Coming out of the stuffy Finnish cultural closet

by , under Enrique

By Enrique Tessieri

I would like to thank those bloggers for reading my previous blog entry in which I wrote about the international background of  my Finnish family. I must confess, however, that I thought about writing such a blog entry for months but could not find the right approach to tackle the topic. The answer appeared when I decided to come out.

Coming out of that closet has not been easy because the pressure to remain there has been sometimes immense. So imposing, in fact, that coming out in the previous century could have banished you from that small national group we created in the last century.

In order to be a part of that exclusive white Finnish national identity club, you had to renounce your “Other” and embrace without any questions asked your new identity.  You had to be white as well. That new identity was strongly peppered with nationalism and right-wing ideology and values. After the Winter War (1939-40), the losers of Finland’s Civil War of 1918, were included as well.

Considering that we had a marked class society especially in the first half of the last century, there were strong social and economic differences that determined where you stood in that exclusive club.

Since there were few immigrants in Finland in the 1920s, and their numbers declined up to the 1970s to a mere 7,000 souls (many if not most were expat Finns), the molding of our national identity was relatively easy process. But by defining in such narrow terms our identity we automatically excluded the Romany, Saami and other minorities. We even made it virtually impossible for outsiders to be accepted as equal members of society. The latter is one of the big obstacles that hinders acceptance of new immigrant groups in Finland today.

My great aunts Lally (left) and Irma Handwargh seated with Hannu (surname unknown). Written in French on the back side of the picture: the writer says humorously that Lally would like to have a mustache, which was drawn with a pen on Hannu, would make her look very feminine. The picture is dated “Miekkoniemi (located next door to Savonlinna), July 11, 1920.”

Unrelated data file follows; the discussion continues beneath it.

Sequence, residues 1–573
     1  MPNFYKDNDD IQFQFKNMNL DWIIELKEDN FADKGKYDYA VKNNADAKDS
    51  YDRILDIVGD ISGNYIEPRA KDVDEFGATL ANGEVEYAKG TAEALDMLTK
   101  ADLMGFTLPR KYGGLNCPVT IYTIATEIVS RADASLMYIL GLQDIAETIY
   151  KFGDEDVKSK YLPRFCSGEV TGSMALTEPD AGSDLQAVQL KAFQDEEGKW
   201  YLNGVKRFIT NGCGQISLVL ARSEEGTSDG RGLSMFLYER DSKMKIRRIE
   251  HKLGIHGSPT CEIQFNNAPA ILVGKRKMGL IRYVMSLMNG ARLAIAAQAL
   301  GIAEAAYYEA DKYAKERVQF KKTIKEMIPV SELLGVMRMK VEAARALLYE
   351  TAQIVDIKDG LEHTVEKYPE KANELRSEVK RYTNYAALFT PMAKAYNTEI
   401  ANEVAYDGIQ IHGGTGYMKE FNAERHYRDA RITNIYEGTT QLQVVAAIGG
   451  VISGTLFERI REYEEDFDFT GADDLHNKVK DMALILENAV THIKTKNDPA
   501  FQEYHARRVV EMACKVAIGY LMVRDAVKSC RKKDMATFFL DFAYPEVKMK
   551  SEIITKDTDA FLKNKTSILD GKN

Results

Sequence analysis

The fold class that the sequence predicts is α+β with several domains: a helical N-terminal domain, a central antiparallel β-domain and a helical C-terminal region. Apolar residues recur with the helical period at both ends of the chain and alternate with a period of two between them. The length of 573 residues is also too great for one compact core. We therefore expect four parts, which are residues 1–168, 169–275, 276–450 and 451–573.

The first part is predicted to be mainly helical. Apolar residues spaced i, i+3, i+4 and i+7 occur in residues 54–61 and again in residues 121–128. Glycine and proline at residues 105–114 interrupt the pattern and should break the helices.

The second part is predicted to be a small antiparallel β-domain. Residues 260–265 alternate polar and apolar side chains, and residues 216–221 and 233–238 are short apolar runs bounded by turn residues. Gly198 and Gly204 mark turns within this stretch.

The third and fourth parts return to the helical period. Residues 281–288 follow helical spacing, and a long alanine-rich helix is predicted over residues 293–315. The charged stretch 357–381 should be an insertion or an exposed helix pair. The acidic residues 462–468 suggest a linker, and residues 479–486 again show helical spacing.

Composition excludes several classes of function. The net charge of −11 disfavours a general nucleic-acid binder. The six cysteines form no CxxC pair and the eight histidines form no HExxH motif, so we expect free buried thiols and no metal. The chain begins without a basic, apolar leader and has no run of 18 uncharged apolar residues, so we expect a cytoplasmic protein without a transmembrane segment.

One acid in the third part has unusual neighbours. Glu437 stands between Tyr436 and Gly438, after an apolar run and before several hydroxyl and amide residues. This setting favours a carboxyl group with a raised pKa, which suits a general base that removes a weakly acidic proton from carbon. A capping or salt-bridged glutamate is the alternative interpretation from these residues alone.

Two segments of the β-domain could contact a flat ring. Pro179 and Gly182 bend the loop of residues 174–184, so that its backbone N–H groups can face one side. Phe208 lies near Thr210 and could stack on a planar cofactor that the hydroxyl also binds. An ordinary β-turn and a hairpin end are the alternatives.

My grandfather, whose father was Jewish, is a case in point how Finns embraced their new national identity and erased their past. A captain in the Finnish army and like many of his generation, he too had learned to loathe the Russians. That suspicion he housed permitted him to erase, or bury deep in his subconscious, his background and even hope that Nazi Germany would be victorious against the Red Army.

He probably knew but refused to face that a terrible fate awaited him and other if Adolf Hitler’s forces would have been victorious in World War 2. Like many others in Finland with Jewish backgrounds, my grandfather and his family would have ended up at concentration camps as part of the Final Solution.

Those who claim that Finns are closely related to a tribe flirt with racism.  Much of our history and our national identity, a social construct, is based on racism. Certainly we can keep the positive matters about such myths, like our desire to be an independent and free nation, but we must banish those matters that continue to fuel our mistrust and suspicions of others, especially the Russians.

As long as we continue to foster such ideas from our history, it will be difficult if not impossible to accept other groups as equal members of our society.

Unless you believe that the Garden of Eden was in Finland, all it takes is a rapid view of our ancestors to understand that we came from somewhere else before they moved to Finland.

Humans have always built roads because they never believed in isolation. Claiming the contrary is nothing more than an exercise in national self-deceit and the fuel that feeds our racism and xenophobia.

  1. Peter of Finland

    Thank you Enrique. Your bravery may encourage others to take pride in their diverse family backgrounds. Being a member of this society is not based on a perverse ethnicized and racialized mentality. All who work together for the common good represent the ideal Finnish citizenry.